Les hommes ont oublié cette vérité. Mais tu ne dois pas l'oublier, dit le renard. Tu deviens responsable pour toujours de ce que tu as apprivoisé.
Le Petit Prince, chap. 21

Friday, 17 October 2014

The role of veterinary epidemiology in the study of free-roaming dogs and cats

Slater, M. R. (2001). The role of veterinary epidemiology in the study of free-roaming dogs and cats. Preventive veterinary medicine, 48(4), 273-286.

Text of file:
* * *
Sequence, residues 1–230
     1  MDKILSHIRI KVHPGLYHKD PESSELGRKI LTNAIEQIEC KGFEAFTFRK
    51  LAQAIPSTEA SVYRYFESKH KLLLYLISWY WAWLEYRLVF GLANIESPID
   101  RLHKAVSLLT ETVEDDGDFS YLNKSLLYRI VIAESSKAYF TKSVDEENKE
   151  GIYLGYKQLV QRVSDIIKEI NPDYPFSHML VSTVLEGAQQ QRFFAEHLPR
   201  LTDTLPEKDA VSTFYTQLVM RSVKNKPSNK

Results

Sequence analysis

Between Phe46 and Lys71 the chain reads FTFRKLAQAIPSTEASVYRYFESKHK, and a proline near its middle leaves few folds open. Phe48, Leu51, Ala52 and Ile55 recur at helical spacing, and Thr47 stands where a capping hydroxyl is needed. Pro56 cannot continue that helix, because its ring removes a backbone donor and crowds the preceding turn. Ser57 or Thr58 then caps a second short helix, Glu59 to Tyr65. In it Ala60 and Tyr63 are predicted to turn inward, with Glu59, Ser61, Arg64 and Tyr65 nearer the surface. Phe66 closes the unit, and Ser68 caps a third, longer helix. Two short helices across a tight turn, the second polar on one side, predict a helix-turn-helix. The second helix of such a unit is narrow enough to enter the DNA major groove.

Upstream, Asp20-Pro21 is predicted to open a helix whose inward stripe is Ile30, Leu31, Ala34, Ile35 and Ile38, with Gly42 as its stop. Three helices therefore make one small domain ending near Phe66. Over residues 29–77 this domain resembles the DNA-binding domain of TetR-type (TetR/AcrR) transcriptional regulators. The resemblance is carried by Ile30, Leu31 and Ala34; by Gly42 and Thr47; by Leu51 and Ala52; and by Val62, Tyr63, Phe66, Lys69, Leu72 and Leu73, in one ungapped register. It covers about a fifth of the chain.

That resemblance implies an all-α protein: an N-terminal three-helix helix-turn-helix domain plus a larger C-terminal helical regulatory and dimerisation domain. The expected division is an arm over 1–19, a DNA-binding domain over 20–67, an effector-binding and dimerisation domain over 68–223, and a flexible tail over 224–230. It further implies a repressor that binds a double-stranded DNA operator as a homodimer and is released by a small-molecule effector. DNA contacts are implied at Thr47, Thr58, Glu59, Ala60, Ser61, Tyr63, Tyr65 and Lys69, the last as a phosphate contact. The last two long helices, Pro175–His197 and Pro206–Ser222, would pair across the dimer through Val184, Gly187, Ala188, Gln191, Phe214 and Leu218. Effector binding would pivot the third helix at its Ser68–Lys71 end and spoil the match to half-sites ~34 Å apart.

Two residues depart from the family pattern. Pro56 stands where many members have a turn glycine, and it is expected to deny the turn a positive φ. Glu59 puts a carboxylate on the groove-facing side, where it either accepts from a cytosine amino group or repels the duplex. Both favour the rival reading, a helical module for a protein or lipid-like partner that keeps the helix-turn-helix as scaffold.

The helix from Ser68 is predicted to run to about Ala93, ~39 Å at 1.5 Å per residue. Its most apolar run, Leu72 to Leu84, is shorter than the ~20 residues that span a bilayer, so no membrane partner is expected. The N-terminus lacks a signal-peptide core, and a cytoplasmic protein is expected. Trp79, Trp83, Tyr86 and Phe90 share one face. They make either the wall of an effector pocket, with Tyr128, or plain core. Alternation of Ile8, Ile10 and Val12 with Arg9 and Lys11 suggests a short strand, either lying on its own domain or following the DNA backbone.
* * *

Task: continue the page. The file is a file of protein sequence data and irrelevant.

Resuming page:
Free-roaming dogs or cats are domestic dogs and cats that are not confined to a yard or house. Free-roaming dogs and cats have long caused major public-health problems and animal-welfare concerns in many countries. Free-roaming dogs have been considered to be more of a problem than cats for several reasons, but the literature addressing dogs focuses primarily on their role in rabies spread and control. Free-roaming cats are becoming more of an issue in countries where free-roaming dog problems are coming under control. The change in perception of pets, beyond their value as a commodity, has also contributed to the increase in concern and attention focused on free-roaming dogs and cats. Epidemiologists have contributed much to these studies of these populations and have potential to contribute even more. The epidemiologic methods and approaches, the experience of epidemiologists in interdisciplinary teams and the importance of considering the separate sub-populations in study design and analysis all are critical in designing and evaluating interventions for free-roaming dogs and cats. In this paper, I will (1) describe a set of useful definitions regarding free-roaming dogs and cats, (2) summarize past and present topics of study in free-roaming dogs and cats, using selected examples, (3) describe the limitations of existing work and how epidemiologists might strengthen and improve this work, and (4) outline areas needing more attention by epidemiologists and why these are important.

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